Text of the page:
Black patients were almost twice as likely as white patients to have alcohol or smoking as a cause of their chronic pancreatitis, according to recent findings published in the American Journal of Gastroenterology.
“We found that when compared with whites, black patients were almost twice as likely to be diagnosed to have [chronic pancreatitis (CP)] due to alcohol or smoking; more likely to have morphologic abnormalities of the pancreas; more likely to have, and describe their pain as constant or severe; have a higher prevalence of endocrine insufficiency; and have a greater degree of disease-related disability,” Charles Mel Wilcox, MD, MSPH, in the division of gastroenterology and hepatology at the University of Alabama at Birmingham, and colleagues wrote. “Some of these racial differences could be explained by the higher prevalence of environmental exposures in black CP patients.”
Charles Mel Wilcox
Although data from some epidemiologic studies of CP suggest racial differences , few studies report the clinical profile, causes and outcome of CP in black patients, according to the researchers.
Wilcox and colleagues assessed data from 1,159 patients with CP who were enrolled in North American Pancreatitis Studies between 2000 and 2014. They administered questionnaires to patients and physicians to obtain information on demographics, etiology, risk factors, disease phenotype, treatment and perceived effectiveness.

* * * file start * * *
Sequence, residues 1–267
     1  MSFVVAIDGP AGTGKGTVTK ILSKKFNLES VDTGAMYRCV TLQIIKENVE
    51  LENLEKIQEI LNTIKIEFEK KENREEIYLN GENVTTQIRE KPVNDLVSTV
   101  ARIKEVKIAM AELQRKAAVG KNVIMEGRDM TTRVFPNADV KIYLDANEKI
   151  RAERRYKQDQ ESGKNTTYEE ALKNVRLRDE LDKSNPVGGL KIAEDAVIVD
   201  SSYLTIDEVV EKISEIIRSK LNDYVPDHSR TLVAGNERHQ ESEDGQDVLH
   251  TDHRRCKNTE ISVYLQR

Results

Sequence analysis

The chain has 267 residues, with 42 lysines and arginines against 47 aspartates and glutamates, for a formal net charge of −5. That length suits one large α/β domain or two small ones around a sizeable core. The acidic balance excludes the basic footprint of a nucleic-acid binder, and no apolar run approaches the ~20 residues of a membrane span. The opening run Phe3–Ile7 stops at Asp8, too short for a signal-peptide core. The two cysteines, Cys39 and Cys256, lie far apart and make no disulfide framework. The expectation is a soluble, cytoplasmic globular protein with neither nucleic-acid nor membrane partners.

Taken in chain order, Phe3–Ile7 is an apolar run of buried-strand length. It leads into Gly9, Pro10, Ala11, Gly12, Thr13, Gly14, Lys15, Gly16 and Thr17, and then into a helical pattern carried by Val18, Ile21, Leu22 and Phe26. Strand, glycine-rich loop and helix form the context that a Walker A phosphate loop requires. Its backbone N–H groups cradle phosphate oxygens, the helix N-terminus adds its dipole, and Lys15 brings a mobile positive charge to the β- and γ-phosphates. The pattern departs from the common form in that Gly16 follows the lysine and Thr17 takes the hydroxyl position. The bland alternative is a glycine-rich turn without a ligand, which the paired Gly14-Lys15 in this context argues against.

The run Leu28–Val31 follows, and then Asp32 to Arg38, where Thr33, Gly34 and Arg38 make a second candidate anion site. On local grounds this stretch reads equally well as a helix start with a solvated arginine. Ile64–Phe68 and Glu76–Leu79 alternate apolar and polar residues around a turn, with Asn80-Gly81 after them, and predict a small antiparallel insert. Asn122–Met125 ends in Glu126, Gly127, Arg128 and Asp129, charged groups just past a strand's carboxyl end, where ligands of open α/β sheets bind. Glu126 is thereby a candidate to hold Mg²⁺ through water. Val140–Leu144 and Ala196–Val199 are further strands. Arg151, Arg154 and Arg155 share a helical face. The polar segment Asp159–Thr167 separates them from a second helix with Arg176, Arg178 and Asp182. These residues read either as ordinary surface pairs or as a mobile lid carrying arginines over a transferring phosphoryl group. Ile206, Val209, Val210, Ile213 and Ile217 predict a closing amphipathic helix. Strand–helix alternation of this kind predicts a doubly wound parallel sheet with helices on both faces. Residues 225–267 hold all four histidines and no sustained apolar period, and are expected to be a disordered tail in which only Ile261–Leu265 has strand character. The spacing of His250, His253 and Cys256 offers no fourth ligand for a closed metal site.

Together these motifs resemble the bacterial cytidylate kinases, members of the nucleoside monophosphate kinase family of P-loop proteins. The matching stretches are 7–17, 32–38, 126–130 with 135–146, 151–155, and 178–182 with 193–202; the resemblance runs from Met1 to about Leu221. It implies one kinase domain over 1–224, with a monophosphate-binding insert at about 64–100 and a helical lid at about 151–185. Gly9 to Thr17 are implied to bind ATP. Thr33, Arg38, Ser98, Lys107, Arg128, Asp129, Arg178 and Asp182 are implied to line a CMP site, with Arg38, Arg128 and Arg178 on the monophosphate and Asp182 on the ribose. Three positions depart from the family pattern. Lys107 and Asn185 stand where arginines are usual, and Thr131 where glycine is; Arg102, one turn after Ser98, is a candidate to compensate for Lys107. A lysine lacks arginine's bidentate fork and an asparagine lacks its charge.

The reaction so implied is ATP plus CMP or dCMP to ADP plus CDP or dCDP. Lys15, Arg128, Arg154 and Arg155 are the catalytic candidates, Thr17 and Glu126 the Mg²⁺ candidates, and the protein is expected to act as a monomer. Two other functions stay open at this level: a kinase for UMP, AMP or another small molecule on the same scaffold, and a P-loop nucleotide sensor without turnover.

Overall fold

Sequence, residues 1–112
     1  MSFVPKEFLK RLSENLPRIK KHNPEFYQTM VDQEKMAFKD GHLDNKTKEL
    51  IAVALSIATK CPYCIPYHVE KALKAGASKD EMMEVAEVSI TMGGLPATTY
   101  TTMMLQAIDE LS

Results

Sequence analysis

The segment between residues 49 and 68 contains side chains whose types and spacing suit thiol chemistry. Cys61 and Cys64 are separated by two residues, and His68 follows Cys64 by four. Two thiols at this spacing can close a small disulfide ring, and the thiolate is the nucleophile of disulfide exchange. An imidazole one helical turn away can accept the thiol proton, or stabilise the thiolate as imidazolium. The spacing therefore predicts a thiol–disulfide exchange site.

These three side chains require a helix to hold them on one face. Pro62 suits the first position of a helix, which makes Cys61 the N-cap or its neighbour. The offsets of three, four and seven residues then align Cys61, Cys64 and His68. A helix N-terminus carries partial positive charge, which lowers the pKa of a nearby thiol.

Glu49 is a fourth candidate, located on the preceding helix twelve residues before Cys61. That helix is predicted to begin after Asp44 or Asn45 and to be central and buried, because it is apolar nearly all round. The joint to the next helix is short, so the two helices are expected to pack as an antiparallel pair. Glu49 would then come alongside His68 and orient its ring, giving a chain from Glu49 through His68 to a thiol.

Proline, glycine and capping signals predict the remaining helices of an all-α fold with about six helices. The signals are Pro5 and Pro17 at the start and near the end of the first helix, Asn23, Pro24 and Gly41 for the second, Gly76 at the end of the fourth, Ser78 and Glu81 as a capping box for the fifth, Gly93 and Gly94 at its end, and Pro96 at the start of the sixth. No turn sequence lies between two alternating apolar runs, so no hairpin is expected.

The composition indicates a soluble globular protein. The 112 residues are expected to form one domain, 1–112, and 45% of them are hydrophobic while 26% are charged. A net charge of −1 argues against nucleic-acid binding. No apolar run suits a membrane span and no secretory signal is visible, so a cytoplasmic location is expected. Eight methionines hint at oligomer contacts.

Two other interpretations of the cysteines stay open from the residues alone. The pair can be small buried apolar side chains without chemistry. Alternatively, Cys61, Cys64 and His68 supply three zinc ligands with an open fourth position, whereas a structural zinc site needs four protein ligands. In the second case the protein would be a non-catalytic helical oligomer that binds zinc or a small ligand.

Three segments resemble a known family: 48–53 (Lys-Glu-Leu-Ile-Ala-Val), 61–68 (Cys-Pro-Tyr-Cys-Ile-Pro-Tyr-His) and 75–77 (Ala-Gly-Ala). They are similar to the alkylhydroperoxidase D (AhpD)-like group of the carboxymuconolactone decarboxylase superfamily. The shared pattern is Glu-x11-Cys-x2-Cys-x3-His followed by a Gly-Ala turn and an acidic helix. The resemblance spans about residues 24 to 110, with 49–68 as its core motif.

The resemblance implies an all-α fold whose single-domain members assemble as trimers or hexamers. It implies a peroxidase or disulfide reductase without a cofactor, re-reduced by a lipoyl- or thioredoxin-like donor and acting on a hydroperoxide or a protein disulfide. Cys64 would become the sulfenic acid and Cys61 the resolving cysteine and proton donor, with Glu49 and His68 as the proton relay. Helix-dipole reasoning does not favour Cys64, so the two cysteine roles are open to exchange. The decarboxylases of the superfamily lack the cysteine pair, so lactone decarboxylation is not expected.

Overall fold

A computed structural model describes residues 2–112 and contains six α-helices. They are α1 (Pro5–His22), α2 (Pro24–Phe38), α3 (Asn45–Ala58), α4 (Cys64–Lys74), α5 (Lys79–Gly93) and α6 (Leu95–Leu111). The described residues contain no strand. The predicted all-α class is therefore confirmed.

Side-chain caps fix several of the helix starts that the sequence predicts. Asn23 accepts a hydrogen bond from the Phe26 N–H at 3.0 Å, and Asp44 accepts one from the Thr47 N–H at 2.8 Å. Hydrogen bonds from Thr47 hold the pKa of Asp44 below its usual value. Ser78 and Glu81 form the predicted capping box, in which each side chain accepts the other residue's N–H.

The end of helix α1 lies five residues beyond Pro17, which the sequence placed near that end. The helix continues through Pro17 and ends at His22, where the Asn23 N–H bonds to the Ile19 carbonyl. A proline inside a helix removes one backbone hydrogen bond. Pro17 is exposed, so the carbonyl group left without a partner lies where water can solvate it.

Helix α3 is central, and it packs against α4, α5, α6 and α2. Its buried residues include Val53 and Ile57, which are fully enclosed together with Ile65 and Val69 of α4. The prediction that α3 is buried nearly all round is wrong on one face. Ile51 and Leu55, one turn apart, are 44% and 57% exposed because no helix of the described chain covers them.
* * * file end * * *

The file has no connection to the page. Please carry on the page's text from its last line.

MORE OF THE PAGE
They found black patients were more likely to smoke (64.2% vs. 45.9%) or drink alcohol (77% vs. 41.9%). There was no difference in the duration of CP, except for alcoholic CP, for which black patients had a longer duration (8.6 years vs. 6.97 years; P = .02). Black patients were more likely to have advanced changes in pancreatic morphology (63.3% vs. 55.2%), atrophy (43.2% vs. 34.6%), pancreatic ductal stricture or dilatation (72.6% vs. 65.5%) or common bile duct stricture (18.6% vs. 8.2%) and function (endocrine insufficiency, 39.9% vs. 30.2%). Black patients were more likely to experience any pain (94.7% vs. 83%), constant pain (62.6% vs. 51%), severe pain (78.4% vs. 65.8%) and disability (35.1% vs. 21.4%). Further, white patients were more likely to receive prior cholecystectomy (31.1% vs. 19%).
These differences can be partly explained by increased alcohol and tobacco use in black patients, the researchers wrote.
“Interestingly, the intensity of smoking was greater among whites, an observation that has also been noted in the general population,” the researchers wrote. “The difference we detected between blacks and whites regarding heavy smoking also suggests this to be a greater risk factor for CP in blacks.” – by Will Offit
Disclosure: One researcher reports being an inventor of intellectual property licensed to Ambry Genetics and having an ownership interest in Ambry Genetics.